On the surface, Pfizer
Not that it really matters. Pfizer didn't buy Wyeth for the top-line growth. The purchase was made to bolster earnings through cost-cutting measures. On the surface, that one looks good, too, with earnings per share up 11% to $0.60 per share after adjusting for charges from the acquisition and other items.
That's exactly what we'd like to see: cost-cutting measures more than making up for added interest costs and increased share count due to the acquisition. And it seems to have happened in the first full quarter of the year. Pretty impressive, no? Let's not get too excited just yet.
The first quarter of 2009 was a pretty dismal quarter for most companies, Pfizer included. If we go back to 2008, adjusted earnings were $0.61 per share. So the company has been essentially flat over the past two years. For this year, Pfizer is guiding for adjusted earnings per share of $2.10 to $2.20; better than last year's $2.02, but not nearly as good as 2008's $2.42.
Top-line growth from acquisitions and one-time benefits from cost cutting are nice, but Pfizer needs to get back to real growth. That can only come from launching new products and growing current offerings.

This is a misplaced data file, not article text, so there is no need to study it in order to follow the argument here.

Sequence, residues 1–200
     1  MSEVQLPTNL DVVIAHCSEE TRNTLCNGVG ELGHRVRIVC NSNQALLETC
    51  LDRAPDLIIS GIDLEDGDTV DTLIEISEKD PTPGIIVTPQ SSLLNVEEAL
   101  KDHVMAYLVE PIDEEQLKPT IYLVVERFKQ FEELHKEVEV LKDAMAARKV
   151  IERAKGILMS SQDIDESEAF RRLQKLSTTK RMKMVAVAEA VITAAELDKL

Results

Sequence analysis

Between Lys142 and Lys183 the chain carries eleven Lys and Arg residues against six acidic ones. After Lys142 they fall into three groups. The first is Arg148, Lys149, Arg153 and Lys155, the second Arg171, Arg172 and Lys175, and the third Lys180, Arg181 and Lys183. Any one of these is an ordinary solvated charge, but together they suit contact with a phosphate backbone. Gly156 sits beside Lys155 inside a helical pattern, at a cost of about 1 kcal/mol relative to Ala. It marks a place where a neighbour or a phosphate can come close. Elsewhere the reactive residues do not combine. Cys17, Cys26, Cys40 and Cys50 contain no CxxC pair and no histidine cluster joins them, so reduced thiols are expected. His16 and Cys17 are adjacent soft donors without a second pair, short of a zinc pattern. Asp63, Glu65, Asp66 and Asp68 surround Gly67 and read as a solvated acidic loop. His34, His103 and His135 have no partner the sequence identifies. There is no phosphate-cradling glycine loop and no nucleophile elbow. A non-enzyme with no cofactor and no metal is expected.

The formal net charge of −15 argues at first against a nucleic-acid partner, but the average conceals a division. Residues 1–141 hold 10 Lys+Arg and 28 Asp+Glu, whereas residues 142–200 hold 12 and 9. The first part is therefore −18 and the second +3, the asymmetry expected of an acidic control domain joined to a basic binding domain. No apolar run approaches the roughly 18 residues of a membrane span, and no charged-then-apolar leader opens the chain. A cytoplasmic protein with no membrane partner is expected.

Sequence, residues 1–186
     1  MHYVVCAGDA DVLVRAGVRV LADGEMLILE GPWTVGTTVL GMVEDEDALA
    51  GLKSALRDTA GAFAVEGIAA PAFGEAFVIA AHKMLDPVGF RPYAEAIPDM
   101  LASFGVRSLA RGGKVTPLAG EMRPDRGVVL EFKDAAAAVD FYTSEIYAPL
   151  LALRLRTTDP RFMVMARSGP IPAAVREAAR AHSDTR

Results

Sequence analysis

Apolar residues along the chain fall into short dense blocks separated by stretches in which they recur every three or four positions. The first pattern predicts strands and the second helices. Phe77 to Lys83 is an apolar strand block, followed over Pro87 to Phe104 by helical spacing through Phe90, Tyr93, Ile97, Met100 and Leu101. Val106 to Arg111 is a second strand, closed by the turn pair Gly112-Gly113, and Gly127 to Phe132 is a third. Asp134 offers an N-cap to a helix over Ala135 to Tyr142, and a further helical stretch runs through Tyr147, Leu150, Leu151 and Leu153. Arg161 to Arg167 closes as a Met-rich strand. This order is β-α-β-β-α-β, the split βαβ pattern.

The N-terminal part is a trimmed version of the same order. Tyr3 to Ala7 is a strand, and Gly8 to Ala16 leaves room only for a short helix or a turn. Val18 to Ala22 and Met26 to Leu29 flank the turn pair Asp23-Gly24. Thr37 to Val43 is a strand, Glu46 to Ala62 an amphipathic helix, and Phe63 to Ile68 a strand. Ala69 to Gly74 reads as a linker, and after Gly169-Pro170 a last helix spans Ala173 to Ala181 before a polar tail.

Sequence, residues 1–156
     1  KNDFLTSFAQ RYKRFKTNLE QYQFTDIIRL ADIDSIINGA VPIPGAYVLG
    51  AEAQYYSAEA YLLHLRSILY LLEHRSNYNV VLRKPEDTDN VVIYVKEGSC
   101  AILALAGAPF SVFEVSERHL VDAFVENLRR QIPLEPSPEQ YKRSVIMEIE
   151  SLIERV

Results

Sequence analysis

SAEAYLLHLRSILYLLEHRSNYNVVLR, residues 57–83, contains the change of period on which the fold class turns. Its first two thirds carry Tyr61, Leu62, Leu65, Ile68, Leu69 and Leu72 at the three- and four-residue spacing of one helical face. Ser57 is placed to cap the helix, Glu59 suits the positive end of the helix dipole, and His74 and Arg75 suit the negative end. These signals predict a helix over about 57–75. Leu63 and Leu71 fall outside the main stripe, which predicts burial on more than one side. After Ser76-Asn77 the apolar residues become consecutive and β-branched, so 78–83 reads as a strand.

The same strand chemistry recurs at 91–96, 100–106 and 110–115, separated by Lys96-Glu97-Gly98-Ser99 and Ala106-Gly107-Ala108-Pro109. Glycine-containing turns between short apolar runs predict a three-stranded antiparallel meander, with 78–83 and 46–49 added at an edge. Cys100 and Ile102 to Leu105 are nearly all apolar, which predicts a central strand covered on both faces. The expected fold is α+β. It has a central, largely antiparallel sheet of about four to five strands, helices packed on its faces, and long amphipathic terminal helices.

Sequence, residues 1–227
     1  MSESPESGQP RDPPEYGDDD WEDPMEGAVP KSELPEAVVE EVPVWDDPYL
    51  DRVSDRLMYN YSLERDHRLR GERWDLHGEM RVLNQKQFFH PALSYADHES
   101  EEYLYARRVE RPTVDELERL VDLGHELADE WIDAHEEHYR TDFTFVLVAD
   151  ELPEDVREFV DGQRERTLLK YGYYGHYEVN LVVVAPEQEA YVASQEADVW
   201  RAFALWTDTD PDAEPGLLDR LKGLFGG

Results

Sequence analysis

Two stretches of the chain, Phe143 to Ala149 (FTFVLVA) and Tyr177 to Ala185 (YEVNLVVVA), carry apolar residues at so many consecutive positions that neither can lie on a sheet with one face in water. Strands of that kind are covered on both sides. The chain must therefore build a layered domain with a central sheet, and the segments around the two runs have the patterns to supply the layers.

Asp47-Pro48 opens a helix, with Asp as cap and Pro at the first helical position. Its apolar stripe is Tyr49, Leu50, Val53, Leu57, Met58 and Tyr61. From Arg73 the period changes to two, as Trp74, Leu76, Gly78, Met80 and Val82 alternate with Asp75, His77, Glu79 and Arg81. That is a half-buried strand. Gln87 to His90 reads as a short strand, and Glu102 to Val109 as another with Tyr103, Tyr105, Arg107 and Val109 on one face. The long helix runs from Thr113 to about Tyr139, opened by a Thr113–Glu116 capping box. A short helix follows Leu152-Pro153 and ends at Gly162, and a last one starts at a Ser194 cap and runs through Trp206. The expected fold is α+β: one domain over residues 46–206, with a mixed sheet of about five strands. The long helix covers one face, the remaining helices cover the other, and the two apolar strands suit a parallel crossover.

Sales of cancer drug Sutent were up 28%, but the chance of future expansion into other indications seems dismal. Pfizer's best hope for a major seller lies in the Alzheimer's arena. If phase 3 results for bapineuzumab come out positive, Pfizer and partners Elan
Pfizer's behemoth size is helpful for cutting costs, but it makes growing quite difficult. Investors should be content with their solid 4.2% dividend, because revenue growth -- and therefore share price growth -- may be harder to come by.
Alex Dumortier thinks everyone needs to own dividend stocks.
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